Salmon farm in western NorwayADÈLE MENNERATFish farming is one of the fastest growing food production sectors in the world, but infections caused by bacteria, viruses, and parasites cost the industry billions of dollars in worldwide losses each year. Now, emerging research suggests that diseases of farmed fish may be evolving to become even more harmful to the animals.

Mathias Stølen Ugelvik at the University of Bergen, Norway, and colleagues found that Atlantic salmon (Salmo salar) infected with salmon lice (Lepeophtheirus salmonis) derived from two Norwegian fish farms suffered more-severe symptoms than those infected with lice from wild salmon. “Salmon lice from areas with fish farming appear to have evolved toward a higher virulence as compared to salmon lice from other areas,” study coauthor Arne Skorping of Bergen wrote in an email. The team’s findings were published in the Journal of Evolutionary Biology this month...

Skorping and colleagues collected lice eggs from farmed and wild-caught salmon, then reared the fish parasites under identical conditions for three generations to ensure any differences between them were genetic. The researchers then infected 55 adult salmon with the descendants of farm or wild-caught lice, finding that farm-derived lice caused significantly larger skin lesions and greater weight loss to their hosts.

This study “begins to look at a possibly very important factor in fish health—the change in virulence of parasites and other pathogens due to anthropogenic effects,” Vicki Blazer, who studies fish health at the US Geological Survey’s Leetown Science Center in West Virginia and was not involved in the study wrote in an email. However, she noted, the experiment was limited by its small sample size and a lack of information about the fish and lice collection sites.

Aquaculture involves rearing fish at densities many times higher than exist in the wild, and now produces nearly half of all the fish we eat. But the very characteristics that make aquaculture so productive may also favor the evolution of greater virulence. According to some ecologists, fish farming may have unintentionally created a global experiment on pathogen evolution.

“The environment of intensive culture—stressed, genetically homogenous animals packed in high density conditions—is practically a recipe for cultivating highly virulent parasites,” Tommy Leung from the University of New England who was not involved in the study wrote in an email.

High-density conditions aid disease transmission and may inadvertently select for salmon lice that spread rapidly and cause their hosts greater harm. In a 2012 study, Skorping and colleagues found a positive correlation between L. salmonis transmission rates and virulence. The team’s latest findings add “empirical evidence that salmon lice from aquaculture environments are indeed more harmful towards their host,” Leung wrote. “Intensive farming places different selection pressures on pathogens and parasites to what they are confronted with in the wild . . . and this will affect their evolutionary trajectory.”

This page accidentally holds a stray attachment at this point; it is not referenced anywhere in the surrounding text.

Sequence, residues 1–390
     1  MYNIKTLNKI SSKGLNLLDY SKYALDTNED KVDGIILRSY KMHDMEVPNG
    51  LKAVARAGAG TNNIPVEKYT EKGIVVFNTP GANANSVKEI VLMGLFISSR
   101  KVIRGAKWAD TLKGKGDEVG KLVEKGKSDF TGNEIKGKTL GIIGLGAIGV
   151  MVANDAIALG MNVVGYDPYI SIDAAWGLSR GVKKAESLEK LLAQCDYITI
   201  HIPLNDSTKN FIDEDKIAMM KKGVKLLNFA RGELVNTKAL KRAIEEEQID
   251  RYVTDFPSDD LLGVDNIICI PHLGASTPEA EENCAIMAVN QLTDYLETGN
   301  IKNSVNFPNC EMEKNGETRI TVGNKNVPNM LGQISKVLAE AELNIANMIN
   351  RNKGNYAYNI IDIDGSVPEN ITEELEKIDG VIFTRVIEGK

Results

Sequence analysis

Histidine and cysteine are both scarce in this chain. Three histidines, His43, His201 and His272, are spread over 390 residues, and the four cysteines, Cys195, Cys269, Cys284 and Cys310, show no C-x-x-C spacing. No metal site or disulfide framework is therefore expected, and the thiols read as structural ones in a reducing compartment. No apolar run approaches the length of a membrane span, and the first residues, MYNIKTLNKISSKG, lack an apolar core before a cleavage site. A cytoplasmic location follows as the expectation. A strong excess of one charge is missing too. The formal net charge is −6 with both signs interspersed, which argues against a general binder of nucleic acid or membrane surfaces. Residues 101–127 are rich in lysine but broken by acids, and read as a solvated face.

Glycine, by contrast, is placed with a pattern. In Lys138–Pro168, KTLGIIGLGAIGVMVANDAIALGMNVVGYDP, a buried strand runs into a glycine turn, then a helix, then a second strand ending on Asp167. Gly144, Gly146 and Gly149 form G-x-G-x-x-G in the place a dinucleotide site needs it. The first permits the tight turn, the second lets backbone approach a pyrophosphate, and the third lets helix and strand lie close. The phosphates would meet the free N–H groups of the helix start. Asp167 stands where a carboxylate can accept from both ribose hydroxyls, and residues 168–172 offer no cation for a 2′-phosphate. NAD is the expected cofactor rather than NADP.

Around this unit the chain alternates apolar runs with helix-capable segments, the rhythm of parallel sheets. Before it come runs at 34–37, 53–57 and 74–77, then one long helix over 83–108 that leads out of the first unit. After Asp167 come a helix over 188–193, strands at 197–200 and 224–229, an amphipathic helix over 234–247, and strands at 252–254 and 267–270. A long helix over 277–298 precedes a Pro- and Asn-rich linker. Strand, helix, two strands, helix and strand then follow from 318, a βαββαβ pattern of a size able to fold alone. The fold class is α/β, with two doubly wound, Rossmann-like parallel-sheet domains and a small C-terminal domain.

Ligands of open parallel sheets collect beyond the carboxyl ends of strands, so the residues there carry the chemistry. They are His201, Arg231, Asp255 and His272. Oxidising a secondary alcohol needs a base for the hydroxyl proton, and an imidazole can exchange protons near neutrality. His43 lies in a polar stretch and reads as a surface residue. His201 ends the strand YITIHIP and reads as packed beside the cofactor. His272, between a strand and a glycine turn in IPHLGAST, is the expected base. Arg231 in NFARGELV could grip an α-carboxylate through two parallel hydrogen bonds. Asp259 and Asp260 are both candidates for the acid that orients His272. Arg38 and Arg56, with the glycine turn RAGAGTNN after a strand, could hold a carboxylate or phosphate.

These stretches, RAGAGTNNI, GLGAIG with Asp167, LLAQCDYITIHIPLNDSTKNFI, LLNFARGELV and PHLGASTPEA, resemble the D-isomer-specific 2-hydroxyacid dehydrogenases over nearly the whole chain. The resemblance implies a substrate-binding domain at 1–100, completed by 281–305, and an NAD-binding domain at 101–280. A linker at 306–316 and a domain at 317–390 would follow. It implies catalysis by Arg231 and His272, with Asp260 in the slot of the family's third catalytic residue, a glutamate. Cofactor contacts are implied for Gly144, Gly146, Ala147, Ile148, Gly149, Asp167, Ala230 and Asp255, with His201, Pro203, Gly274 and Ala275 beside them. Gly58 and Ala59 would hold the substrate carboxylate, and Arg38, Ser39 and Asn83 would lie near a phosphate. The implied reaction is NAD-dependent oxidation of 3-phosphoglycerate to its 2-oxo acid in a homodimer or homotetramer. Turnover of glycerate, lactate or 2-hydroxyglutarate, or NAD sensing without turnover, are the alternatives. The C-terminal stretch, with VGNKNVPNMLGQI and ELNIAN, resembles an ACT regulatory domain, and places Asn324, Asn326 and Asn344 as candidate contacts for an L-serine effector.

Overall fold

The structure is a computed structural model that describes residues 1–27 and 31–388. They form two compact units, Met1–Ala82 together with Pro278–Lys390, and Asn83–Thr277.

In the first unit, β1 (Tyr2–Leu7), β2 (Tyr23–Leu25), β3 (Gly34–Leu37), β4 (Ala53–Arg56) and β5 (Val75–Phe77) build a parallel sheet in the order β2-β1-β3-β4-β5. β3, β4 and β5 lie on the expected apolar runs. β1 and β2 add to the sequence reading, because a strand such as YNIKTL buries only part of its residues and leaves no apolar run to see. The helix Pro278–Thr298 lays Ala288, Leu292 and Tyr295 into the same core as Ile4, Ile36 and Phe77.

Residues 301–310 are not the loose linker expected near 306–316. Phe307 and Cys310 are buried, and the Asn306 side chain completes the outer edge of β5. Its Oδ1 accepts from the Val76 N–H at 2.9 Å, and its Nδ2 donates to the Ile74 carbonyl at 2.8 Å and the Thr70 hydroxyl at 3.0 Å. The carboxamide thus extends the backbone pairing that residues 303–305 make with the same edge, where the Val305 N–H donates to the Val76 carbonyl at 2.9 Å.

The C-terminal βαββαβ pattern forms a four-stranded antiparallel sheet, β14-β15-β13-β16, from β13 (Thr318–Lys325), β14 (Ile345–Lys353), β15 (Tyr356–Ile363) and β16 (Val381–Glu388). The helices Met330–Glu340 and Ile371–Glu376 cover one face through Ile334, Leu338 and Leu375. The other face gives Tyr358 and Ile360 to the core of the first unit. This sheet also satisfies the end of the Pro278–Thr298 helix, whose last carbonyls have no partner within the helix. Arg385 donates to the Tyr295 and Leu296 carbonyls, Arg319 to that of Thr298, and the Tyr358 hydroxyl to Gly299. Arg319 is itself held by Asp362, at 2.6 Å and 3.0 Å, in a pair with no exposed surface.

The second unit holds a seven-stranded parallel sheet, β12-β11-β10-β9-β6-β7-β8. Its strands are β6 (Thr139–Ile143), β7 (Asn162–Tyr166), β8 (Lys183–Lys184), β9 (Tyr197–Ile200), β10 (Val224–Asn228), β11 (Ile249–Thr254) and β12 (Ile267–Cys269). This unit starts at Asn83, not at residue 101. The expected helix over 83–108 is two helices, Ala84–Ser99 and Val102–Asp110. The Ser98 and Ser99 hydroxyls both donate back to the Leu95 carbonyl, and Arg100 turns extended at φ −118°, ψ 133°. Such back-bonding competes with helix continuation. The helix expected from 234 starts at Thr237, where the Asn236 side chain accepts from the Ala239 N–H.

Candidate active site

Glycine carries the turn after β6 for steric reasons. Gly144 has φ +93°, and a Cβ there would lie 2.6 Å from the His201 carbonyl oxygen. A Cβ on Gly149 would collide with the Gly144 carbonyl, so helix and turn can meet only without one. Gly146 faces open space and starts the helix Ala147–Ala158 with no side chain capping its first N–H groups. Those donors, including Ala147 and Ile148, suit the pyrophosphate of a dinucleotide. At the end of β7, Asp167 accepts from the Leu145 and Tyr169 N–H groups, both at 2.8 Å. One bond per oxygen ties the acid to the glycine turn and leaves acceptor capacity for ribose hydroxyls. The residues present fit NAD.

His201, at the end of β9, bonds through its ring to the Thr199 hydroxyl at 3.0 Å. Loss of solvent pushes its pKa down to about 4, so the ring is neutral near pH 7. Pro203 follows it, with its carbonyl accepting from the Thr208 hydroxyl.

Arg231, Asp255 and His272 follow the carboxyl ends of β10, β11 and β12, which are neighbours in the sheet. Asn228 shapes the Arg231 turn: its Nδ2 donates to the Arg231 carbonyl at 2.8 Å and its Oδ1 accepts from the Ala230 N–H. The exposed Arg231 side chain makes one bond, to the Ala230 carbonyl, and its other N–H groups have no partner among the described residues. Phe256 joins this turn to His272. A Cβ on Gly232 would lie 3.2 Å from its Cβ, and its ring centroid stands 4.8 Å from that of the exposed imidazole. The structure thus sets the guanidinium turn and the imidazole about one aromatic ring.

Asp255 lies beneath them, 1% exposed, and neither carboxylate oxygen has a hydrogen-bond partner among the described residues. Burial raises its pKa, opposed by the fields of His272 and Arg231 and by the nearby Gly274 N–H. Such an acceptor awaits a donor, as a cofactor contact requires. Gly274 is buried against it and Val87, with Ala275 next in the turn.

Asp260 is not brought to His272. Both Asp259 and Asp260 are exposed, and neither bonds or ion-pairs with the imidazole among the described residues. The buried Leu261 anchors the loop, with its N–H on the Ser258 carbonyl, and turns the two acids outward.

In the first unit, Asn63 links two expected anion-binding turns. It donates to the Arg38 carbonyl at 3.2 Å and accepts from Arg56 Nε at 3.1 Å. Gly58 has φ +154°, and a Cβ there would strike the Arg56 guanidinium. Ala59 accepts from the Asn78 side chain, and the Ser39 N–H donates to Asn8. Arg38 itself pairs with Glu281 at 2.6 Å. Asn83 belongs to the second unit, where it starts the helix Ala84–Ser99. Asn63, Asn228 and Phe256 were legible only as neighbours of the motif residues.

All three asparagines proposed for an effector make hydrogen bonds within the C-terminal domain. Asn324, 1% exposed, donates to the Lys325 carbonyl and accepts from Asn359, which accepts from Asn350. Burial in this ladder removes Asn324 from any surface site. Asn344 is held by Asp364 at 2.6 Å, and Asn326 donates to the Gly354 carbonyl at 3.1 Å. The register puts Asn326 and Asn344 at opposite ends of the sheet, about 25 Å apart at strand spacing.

Natural selection for increased virulence is not limited to salmon lice. In a study published in Proceedings of the Royal Society B last year, researchers at the University of Jyväskylä in Finland reported signs of increasing virulence in the fish pathogen Flavobacterium columnare over time. Lotta-Riina Sundberg of Jyväskylä and colleagues collected samples of these bacteria from three Finnish fish farms between 2003 and 2010, and from sites upstream and downstream of one farm in 2010.

In the lab, the F. columnare strains collected in 2010 killed zebrafish (Danio rerio) 11 hours faster than did the strains from 2003. The more recently acquired specimens “also replicate faster and have the capacity to outcompete other bacterial strains,” wrote Sundberg in an email, noting that this may help these bacteria spread rapidly through fish farms.

This study “provides more substantiated evidence that bacteria [downstream of] the aquaculture facility were more virulent than those isolated upstream, and that the strains had changed over time,” noted Blazer who was not involved in the work. However, the experiment tested virulence in lab-reared zebrafish, which “might not be representative of the kind of fish reared in aquaculture,” noted Leung, who also was not involved in the research.

More-virulent diseases could cost the aquaculture industry billions, but they are also a concern for conservationists: farmed fish may spread virulent new strains to their wild counterparts, including species listed as endangered. “Making host-to-host transmission as difficult as possible will give fewer chances for natural selection to act in favor of virulence,” Sundberg told The Scientist. This might be achieved through lower stocking densities, more effective separation of wild from farmed fish, or recovery periods for farmed waters. “In the longer term, aquaculture needs to rely more on evolutionary science to achieve sustainability,” Skorping noted.

“These are important papers to bring forth the idea of increased virulence and potential effects of aquaculture,” said Blazer, but there’s more work to be done. Further research is needed to determine how other human activities may influence the evolution of pathogens that affect fish, such as agricultural runoff or antibiotic contamination. “Until we tease out the mechanisms associated with increased virulence and parasite evolution, we should be cautious as to what we blame,” she added.

L-R. Sundberg et al., “Intensive aquaculture selects for increased virulence and interference competition in bacteria,” Proc. R. Soc. London Ser. B, doi:10.1098/rspb.2015.3069, 2017.

M.S. Ugelvik et al., “Evolution of virulence under intensive farming: Salmon lice increase skin lesions and reduce host growth in salmon farms,” J. Evol. Biol., doi:10.1111/jeb.13082, 2017.

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